Another way to give customers a reason to leave a review is with a giveaway. Outdoor clothing brand Marmot sends a very short post-purchase review email that asks customers to submit a review for a chance to win a jacket. The fun animated gif with winter jackets included in the email draws the customer’s attention and fits the theme of the giveaway.

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Send a follow-up email

People are busy, and so if a customer didn’t leave a review after you asked them once the best way to still get that feedback is by asking for it again. Try sending a friendly reminder email, like Columbia did in this example. The outdoor brand asks the customer to write a review and explains how their feedback helps build a rewarding experience for everyone.

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Encourage customers to be honest

Blue Apron sends a product review email that includes beautiful product images and asks customers for a honest review: Be honest, we promise our chefs can take the heat. Constructive feedback can help improve product quality and customer experience so consider asking for honest reviews just like Blue Apron.

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Include product recommendations

A product review email can be a good place to link to relevant product recommendations and drive future sales – assuming that the customer has had a positive experience and is about to leave a 5-star review. Look at this example from Brooklinen: after the customer purchased, they asked for feedback, offered a $20 discount, and included links to the popular products.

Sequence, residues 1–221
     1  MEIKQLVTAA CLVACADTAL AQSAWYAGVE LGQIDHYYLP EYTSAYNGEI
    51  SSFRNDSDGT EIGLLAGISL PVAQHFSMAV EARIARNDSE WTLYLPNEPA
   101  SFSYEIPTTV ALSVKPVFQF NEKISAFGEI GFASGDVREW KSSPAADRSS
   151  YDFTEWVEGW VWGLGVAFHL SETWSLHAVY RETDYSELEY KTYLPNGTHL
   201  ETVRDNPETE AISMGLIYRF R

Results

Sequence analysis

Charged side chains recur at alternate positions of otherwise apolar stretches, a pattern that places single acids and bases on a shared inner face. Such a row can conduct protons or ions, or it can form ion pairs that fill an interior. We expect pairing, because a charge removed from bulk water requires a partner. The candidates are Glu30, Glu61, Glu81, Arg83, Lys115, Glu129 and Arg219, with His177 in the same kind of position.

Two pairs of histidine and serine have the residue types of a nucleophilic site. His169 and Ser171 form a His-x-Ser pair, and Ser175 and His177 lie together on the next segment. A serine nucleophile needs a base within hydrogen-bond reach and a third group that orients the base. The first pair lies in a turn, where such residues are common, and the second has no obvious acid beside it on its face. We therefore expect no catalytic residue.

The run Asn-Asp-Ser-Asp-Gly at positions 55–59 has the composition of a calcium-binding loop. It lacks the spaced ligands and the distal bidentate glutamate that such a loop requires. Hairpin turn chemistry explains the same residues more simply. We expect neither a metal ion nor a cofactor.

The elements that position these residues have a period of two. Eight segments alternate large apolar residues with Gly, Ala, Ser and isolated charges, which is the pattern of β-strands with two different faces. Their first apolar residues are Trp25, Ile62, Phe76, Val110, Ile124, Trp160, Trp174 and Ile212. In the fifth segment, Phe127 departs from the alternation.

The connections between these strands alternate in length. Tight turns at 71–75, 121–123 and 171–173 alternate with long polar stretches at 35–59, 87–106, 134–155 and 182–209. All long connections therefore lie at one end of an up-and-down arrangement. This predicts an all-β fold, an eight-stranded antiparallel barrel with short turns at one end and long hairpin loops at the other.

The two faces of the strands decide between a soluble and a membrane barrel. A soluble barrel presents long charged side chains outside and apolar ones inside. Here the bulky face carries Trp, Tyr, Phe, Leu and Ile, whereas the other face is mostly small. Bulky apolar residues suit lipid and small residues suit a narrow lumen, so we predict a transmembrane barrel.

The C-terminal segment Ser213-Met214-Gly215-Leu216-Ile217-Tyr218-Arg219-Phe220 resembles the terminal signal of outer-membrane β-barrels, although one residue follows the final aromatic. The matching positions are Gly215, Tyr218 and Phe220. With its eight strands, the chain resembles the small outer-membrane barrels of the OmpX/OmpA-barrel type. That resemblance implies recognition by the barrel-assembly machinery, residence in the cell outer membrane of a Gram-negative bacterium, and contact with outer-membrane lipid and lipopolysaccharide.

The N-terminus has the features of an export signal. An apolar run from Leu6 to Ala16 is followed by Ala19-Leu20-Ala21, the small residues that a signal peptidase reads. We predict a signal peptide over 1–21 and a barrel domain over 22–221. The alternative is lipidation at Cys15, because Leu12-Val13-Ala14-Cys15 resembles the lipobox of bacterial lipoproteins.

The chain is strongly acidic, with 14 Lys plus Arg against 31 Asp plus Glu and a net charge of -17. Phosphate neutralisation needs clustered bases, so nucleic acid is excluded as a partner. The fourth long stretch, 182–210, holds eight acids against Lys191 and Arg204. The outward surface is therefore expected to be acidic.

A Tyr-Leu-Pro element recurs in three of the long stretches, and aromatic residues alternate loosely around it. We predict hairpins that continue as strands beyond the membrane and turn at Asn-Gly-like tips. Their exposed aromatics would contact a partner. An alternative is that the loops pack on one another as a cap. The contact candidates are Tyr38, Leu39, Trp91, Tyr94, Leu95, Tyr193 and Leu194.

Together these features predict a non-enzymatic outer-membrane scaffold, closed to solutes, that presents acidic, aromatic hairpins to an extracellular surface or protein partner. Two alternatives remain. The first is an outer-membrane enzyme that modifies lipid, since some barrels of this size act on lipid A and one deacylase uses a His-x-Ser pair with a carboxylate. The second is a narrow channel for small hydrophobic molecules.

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Keep it simple with emojis

If your customers are online, they’ll about the heart, smiley face, and sad face emojis, so why not use them? Book of the Month keeps their product review emails simple by asking customers to tell them whether they loved, liked, or disliked a book. All the recipient needs to do is click the correct button and their feedback is sent in.

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Suggest their review might help a friend

Cora asks customers a straightforward question: “On a scale from 1 to 10, would you recommend Cora to a friend?” This makes leaving a review much more personal as it now becomes an act of friendship for the recipient to give their honest opinion about their purchase. You never know one of their friends may read it one day.

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Best Practices for Using Data from Online Reviews

It’s important to build the proper infrastructure to collect online reviews and use the data received to improve your products. If you’re new to this process, go through the tips below before you start collecting reviews via post-purchase emails, and make sure you have a system to process them once they start rolling in.

Include your leave-a-review email in your purchase journey

Using MailCharts data to look at a few brand purchase journeys, we learned that it’s common to send a review email approximately 15-30 days after a purchase is made. This is generally enough time to ship the item and have the customer trial the specific product before sending the review email.

Lean on third-party feedback tools and services

Make it easy for yourself to capture product reviews left through email by using third-party software. Popular review tools include Delighted and AskNicely.

The great thing about these tools is that they’re easy to use and integrate with your ESP (email service provider) and other tools. They have native integrations for Shopify, HubSpot, MailChimp, and Zapier which are common in marketing stacks today. These third-party tools also make analyzing responses easy. If you don’t already have a review system setup, this approach may be the best option for you.

Exclude users who have already reviewed their purchase

As there are likely other opportunities for customers to submit a product review outside of a review email, it’s important to account for those who have already done so. This can be done using filters in the ESP as long as the data is being captured.